AEBS stands for Advanced Emergency Braking System, a semi-automated braking system designed to help prevent collisions or to limit their consequences. As of legislation made last year all road trucks (over 8 tonnes) sold in the UK after November 2015 must have the system fitted.
Combined with FCW (Forward Collision Warning), DAF AEBS works via a radar signal produced from the front of the vehicle. This signal continuously measures if (in an emergency) there is enough room to prevent a collision with the vehicle in front. If the critical distance limit is exceeded, the system issues an initial visual and acoustic signal as a warning to the driver. No braking is applied by AEBS at this point, the driver is still in full control of the vehicle and should respond to the warning by increasing the distance between him and the vehicle in front.
If the driver fails to act on this warning AEBS comes into effect. The truck will decelerate as much as possible to prevent a collision or to minimise the impact if one does occur.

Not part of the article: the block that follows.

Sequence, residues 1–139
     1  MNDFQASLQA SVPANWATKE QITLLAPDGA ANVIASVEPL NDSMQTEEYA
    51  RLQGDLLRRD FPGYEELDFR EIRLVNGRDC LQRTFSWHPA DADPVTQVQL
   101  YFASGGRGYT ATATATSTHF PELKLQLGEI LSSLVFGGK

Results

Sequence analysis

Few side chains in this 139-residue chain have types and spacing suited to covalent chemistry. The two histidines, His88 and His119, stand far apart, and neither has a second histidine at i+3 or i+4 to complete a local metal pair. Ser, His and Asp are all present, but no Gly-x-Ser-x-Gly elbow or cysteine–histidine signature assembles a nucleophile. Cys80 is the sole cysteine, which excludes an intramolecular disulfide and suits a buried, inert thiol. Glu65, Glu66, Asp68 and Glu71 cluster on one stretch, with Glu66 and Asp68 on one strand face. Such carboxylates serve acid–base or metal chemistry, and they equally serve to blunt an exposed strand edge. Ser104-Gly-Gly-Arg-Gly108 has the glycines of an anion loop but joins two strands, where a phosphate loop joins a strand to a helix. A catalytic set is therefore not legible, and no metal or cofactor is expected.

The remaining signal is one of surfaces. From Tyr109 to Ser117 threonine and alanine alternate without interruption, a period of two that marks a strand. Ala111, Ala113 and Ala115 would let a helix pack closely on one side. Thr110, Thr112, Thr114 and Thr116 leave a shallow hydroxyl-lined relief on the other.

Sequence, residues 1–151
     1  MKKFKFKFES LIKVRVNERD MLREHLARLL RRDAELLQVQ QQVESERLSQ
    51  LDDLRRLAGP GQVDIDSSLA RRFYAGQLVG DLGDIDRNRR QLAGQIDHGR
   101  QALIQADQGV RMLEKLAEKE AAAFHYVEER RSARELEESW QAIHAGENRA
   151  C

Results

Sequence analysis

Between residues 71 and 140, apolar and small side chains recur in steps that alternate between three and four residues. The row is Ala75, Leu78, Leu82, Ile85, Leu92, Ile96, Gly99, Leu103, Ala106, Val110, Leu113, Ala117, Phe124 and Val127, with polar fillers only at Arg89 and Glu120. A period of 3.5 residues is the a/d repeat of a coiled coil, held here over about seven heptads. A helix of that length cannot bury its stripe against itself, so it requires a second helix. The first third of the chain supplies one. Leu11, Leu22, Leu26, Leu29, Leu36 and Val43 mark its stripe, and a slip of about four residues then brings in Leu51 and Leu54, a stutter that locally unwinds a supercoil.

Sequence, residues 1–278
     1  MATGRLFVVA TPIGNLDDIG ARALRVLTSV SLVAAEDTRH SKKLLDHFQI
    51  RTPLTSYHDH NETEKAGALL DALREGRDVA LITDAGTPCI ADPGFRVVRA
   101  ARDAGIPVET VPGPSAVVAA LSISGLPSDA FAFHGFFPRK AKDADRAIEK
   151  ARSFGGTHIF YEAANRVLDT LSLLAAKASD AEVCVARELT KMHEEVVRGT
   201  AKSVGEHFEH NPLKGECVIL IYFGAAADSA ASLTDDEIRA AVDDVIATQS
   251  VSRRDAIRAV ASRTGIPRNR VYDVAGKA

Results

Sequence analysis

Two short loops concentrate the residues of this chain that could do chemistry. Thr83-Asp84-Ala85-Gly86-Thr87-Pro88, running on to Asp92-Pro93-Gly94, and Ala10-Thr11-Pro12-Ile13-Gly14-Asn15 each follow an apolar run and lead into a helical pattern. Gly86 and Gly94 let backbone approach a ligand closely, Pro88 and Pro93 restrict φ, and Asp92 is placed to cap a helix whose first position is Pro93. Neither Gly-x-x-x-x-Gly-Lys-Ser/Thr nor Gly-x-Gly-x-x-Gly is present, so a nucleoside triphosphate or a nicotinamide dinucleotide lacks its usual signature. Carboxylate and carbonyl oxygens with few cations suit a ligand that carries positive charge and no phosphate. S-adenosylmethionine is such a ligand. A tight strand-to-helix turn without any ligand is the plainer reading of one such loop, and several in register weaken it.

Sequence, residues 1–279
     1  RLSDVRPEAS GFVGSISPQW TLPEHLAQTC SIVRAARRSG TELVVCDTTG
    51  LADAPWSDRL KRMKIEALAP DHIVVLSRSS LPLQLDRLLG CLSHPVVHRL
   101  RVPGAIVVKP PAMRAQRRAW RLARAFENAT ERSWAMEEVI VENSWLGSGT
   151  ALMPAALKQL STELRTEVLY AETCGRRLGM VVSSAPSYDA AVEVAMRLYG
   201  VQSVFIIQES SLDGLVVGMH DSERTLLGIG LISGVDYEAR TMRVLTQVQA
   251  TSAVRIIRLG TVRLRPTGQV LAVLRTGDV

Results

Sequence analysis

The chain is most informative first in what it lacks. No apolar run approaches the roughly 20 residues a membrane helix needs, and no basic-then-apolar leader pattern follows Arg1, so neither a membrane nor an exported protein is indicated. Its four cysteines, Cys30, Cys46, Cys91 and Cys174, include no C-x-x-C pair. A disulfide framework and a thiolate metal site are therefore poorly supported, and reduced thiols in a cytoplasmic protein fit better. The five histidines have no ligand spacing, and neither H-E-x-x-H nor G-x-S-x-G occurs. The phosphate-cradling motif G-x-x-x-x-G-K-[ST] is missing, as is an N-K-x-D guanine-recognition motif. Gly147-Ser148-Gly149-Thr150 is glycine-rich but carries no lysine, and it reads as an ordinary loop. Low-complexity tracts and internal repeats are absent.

An attentive driver should never need to have AEBS and whilst occasionally hearing warnings, should never experience AEBS actively reducing the speed of the vehicle. AEBS is an emergency measure to reduce the chances of an impact, or the speed of a collision and should not be thought of as an "idiot-proof" way to drive a truck with paying full attention to the road ahead.
Keep driving as you would normally, giving vehicles ahead a safe amount of distance and you will never need to worry about AEBS.
DAF Trucks NV produced a video which visually explains what DAF AEBS is here:
And to get an idea of what AEBS looks and feels like in the cab, we produced our own video showing DAF AEBS in practice: